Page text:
Special names have been given to the different subdivisions of this class of microscopic beings—the rod-shaped bacteria being termed bacilli; the granular specimens, micrococci; while the rarer forms, of the shape of a screw, are known as spirilla.
Bacteria surround us from all quarters. The surface of the earth teems with them. No terrestrial waters are free from them. They form a part of the atmospheric dust, and are deposited upon all objects exposed to the air. It is difficult to demonstrate this truth directly with the microscope, for in the dry state bacteria are not readily recognized, especially when few in number. But we can easily detect their presence by their power of multiplication. We need but provide a suitable soil. An infusion of almost any animal or vegetable substance will suffice—meat-broth, for instance—though not all bacteria will grow in the same soil. Such a fluid when freshly prepared and filtered, is clear as crystal, and remains so if well boiled and kept in a closed vessel, for boiling destroys any germs that may be present, while the access of others is prevented by closure of the flask. But as soon as we sow in this fluid a single bacterium, it multiplies to such an extent that within a day the fluid is turbid from the presence of myriads of microscopic forms. For this purpose we can throw in any terrestrial object which has not been heated previously, or we can expose the fluid to the dust of the air. Air which has lost its dust by subsidence or filtration through cotton has not the power of starting bacterial life in a soil devoid of germs. Of course, the most certain way of filling our flask with bacteria is to introduce into it a drop from another fluid previously teeming with them.
In a suitable soil each bacterium grows and then divides into two young bacteria, it may be within less than an hour, which progeny continue the work of their ancestor. At this rate a single germ, if not stinted for food, can produce over fifteen million of its kind within twenty-four hours! More astounding even seems the calculation that one microscopic being, some forty billion of which can not weigh over one grain, might grow to the terrific mass of eight hundred tons within three days, were there but room and food for this growth!
During their growth the bacteria live upon the fluid, as all other plants do upon their soil. Characteristic, however, of bacteria-growth is the decomposition of any complex organic substances in the fluid to an extent entirely disproportionate to the weight of the bacteria themselves. This destructive action occurs wherever bacteria exist, be it in the experimental fluid, or in the solid animal or vegetable refuse where they are ordinarily found. It constitutes, in fact, rotting or putrefaction. The processes of decomposition of organic substances coming under the head of putrefaction are entirely the effect of bacterial life. Any influence, like heat, which kills the bacteria, arrests the putrefaction, and the latter does not set in again until other living bacteria gain access to the substance in question. Without bacteria, no putrefaction can occur, though bacteria can exist without putrefaction, in case there is no substance on hand which they can decompose.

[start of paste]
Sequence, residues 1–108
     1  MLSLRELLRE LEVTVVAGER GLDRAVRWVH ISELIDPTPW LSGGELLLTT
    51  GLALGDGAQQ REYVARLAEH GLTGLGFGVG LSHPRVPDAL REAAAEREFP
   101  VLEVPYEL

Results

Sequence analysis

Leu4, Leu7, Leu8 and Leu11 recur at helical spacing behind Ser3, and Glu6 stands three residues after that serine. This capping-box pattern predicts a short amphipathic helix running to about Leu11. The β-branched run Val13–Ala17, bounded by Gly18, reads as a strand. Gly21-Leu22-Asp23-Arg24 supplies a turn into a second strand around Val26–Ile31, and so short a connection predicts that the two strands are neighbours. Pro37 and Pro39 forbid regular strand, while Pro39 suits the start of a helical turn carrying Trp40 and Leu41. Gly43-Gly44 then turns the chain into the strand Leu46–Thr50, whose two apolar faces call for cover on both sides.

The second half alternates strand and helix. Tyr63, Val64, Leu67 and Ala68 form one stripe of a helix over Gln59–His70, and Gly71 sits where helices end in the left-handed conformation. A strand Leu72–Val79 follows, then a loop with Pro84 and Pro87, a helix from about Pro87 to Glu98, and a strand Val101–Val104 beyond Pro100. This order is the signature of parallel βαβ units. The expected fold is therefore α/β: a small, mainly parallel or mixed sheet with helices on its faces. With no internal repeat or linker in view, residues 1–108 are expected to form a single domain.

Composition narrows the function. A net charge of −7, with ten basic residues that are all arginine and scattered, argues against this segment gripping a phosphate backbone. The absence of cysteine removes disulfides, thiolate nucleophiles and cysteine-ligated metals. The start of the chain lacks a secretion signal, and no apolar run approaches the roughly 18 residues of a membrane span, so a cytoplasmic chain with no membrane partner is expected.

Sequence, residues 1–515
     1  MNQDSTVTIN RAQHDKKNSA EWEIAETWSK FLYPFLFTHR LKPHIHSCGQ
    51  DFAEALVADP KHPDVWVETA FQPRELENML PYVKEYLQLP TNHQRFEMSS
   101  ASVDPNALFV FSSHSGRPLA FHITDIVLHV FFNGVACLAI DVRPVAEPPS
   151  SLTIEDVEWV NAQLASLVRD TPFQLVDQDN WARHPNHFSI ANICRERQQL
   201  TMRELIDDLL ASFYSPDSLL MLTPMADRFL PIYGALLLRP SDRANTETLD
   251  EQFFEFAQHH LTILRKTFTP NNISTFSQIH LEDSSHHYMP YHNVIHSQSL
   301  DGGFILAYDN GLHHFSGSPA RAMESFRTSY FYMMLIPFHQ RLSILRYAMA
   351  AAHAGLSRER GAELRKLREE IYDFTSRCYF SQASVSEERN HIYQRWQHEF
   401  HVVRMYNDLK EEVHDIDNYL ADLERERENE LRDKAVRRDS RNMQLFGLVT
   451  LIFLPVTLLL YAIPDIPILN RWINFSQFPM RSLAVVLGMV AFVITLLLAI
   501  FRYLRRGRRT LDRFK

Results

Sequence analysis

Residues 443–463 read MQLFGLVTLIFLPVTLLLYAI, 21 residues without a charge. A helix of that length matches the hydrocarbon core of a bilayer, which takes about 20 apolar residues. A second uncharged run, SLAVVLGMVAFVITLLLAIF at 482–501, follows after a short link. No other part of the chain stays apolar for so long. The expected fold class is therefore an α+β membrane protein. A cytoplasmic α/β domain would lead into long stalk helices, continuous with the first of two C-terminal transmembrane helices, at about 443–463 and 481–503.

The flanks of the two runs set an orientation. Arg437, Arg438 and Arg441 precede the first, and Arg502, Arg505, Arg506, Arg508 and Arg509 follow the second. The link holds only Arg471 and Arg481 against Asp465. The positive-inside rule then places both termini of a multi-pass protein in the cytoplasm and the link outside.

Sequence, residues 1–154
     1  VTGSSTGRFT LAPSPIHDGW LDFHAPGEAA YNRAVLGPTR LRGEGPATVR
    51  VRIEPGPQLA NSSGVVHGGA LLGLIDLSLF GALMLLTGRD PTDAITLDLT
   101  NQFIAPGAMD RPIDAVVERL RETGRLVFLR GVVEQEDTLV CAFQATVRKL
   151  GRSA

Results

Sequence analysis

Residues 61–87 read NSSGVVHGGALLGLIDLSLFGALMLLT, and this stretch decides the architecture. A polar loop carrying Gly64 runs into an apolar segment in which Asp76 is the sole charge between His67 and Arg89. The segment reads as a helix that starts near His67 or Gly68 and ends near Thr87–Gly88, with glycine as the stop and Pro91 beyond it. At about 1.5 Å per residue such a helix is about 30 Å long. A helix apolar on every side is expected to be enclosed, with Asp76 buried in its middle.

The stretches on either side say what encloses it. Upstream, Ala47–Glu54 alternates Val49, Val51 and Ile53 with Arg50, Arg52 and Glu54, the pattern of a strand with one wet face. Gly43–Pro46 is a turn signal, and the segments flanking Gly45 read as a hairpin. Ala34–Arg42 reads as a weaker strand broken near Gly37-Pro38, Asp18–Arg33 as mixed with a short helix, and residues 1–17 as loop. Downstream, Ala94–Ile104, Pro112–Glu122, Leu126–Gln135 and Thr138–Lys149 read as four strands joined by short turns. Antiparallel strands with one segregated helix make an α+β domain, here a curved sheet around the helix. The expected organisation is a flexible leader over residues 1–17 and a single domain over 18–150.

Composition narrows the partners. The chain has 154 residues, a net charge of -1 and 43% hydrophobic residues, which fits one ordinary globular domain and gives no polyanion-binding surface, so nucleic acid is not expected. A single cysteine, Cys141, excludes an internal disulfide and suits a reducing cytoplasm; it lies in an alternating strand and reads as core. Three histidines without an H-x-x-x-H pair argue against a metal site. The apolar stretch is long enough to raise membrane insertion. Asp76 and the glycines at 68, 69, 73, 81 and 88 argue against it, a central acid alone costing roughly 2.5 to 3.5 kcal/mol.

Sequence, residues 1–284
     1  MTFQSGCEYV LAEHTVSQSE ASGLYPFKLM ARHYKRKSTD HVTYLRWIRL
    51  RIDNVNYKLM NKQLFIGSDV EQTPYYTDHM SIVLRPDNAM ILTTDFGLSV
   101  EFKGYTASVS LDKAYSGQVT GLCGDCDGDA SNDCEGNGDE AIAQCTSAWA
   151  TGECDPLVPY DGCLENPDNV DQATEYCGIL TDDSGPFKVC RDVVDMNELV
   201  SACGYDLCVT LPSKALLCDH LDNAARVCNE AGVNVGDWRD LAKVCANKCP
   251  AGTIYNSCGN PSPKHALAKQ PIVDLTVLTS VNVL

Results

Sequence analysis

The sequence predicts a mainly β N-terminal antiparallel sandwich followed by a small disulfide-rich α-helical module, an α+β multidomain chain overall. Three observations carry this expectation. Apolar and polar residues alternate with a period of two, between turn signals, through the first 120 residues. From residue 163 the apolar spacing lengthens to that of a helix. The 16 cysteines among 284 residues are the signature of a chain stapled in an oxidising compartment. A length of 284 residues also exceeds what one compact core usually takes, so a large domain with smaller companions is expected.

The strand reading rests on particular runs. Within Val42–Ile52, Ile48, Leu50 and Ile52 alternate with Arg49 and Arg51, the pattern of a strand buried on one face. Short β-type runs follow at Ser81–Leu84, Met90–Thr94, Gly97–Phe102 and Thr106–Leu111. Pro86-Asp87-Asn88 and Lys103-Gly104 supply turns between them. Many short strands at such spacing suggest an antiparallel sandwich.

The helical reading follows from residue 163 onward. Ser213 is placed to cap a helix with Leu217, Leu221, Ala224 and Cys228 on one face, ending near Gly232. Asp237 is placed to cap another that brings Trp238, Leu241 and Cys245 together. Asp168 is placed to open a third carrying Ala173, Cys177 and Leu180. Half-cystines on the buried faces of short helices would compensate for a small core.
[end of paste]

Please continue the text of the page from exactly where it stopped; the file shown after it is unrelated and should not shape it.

No error has retarded more the progress of the germ-theory than the false belief that the bacteria of putrefaction are identical with the germs of disease. The most contradictory results were obtained in experiments made to demonstrate on animals either the poisonous nature, or, on the other hand, the barmlessness, of the fungi commonly found in rotting refuse. But real contradictions do not exist in science; they are only apparent, because the results in any opposite cases were not obtained under identical conditions. The explanation of the variable effects of common putrefaction-germs upon animals is self-evident as soon as we admit that each parasitic disease is due to a separate species of bacteria, characteristic of the disease, producing only this form and no other affection; while, on the other hand, the same disease can not be caused by any other but its special parasite. It can be affirmed, on the basis of decisive experiments, that the bacteria characteristic of various diseases float in the air, in many localities at least. Hence rotting material, teeming with bacterial life, may or may not contain disease-producing germs, according to whether the latter have settled upon it by accident or not. Even if these disease-producing species were as numerous in the dust as the common bacteria of putrefaction, which we do not know, they would be at a disadvantage, as far as their increase is concerned. For experience has shown that the germs of most diseases require a special soil for their growth, and can not live, like the agents of putrefaction, upon any organic refuse. In some cases, indeed, these microscopic parasites are so fastidious in their demands that they can not grow at all outside of the animal body which they are adapted to invade. Hence, if a decomposing fluid does contain them, they form at least a minority of the inhabitants, being crowded out by the more energetically growing forms. In the microscopic world there occurs as bitter a struggle for existence as is ever witnessed between the most highly organized beings. The species best adapted to the soil crowds out all its competitors.